Fellner, Gerlinde; Sutter, Matthias
Causes, consequences, and cures of myopic loss aversion - An experimental investigation.
SFB/TR 15 Discussion Paper No. 171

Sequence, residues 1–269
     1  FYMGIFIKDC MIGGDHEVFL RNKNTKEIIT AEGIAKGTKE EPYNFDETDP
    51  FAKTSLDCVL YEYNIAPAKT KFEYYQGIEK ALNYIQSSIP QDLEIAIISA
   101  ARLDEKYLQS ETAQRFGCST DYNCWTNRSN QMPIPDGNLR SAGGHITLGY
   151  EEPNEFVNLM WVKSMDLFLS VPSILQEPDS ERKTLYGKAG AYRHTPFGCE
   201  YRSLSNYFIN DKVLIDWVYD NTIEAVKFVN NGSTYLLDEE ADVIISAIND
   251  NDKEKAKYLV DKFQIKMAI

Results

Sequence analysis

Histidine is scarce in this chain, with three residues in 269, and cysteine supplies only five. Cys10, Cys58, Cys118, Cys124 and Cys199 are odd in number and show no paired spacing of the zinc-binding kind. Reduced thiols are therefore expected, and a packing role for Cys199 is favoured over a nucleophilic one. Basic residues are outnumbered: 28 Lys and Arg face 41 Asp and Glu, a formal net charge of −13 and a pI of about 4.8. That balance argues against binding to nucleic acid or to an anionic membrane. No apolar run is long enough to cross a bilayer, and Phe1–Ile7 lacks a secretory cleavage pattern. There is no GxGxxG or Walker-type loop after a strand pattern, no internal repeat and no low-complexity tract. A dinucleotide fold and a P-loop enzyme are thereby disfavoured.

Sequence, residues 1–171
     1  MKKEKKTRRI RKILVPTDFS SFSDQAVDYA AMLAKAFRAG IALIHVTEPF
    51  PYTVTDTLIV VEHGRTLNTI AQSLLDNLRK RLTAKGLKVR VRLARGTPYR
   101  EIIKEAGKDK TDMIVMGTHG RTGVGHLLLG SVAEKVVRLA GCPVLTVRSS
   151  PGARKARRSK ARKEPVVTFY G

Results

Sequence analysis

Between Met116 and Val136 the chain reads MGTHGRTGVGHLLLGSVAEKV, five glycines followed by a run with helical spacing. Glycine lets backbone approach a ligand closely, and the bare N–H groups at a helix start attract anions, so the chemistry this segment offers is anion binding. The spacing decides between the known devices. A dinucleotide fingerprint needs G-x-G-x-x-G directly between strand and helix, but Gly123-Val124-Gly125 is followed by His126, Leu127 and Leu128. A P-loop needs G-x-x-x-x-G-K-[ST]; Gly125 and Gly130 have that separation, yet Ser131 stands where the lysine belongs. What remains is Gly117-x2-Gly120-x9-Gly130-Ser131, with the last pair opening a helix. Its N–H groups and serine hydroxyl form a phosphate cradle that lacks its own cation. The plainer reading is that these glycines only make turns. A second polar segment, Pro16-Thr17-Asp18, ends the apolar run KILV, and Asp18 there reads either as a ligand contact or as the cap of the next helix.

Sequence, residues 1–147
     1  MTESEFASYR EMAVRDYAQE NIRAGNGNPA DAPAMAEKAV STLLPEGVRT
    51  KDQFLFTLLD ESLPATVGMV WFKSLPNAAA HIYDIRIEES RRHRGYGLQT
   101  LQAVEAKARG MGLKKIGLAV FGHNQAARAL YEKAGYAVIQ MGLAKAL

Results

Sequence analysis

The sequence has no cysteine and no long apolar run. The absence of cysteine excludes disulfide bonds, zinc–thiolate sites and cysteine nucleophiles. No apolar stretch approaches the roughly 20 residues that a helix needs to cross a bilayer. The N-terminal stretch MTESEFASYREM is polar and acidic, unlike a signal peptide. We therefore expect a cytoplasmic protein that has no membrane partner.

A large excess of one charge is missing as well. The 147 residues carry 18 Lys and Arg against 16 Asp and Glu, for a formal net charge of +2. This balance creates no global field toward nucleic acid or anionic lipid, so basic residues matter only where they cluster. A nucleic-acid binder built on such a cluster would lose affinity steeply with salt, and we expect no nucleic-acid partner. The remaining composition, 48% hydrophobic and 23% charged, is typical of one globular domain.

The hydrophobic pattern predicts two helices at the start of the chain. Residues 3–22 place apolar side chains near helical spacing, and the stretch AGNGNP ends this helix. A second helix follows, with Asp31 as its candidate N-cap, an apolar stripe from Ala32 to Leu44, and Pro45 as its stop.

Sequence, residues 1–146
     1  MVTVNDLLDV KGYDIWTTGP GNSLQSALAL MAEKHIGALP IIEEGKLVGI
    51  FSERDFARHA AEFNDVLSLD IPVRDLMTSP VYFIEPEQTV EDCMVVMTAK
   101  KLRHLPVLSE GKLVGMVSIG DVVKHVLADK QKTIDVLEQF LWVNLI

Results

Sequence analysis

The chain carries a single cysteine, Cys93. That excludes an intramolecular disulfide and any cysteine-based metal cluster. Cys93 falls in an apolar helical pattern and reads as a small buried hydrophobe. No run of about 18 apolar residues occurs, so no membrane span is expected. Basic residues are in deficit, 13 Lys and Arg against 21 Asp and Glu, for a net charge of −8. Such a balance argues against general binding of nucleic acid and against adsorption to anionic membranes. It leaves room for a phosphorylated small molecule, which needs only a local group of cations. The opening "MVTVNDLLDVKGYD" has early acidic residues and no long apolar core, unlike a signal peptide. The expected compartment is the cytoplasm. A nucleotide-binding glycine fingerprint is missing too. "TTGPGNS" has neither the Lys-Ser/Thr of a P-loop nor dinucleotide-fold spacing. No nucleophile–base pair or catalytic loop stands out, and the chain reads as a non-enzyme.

Myopic loss aversion (MLA) has been established as one prominent explanation for the equity premium puzzle. In this paper we address two issues related to the effects of MLA on risky investment decisions. First, we assess the relative impact of feedback frequency and investment flexibility (via the investment horizon) on risky investments. Second, given that we observe higher investments with a longer investment horizon, we examine conditions under which investors might endogenously opt for a longer investment horizon in order to avoid the negative effects of MLA on investments. We find in our experimental study that investment flexibility seems to be at least as relevant as feedback frequency for the effects of myopic loss aversion. When subjects are given the choice to opt for a long or short investment horizon, there is no clear preference for either. Yet, if subjects face a default horizon (either long or short), there is rather little switching from the one to the other horizon, showing that a default might work to attenuate the effects of MLA. However, if subjects switch, they are more often willing to switch from the long to the short horizon than vice versa, suggesting a preference for higher investment flexibility.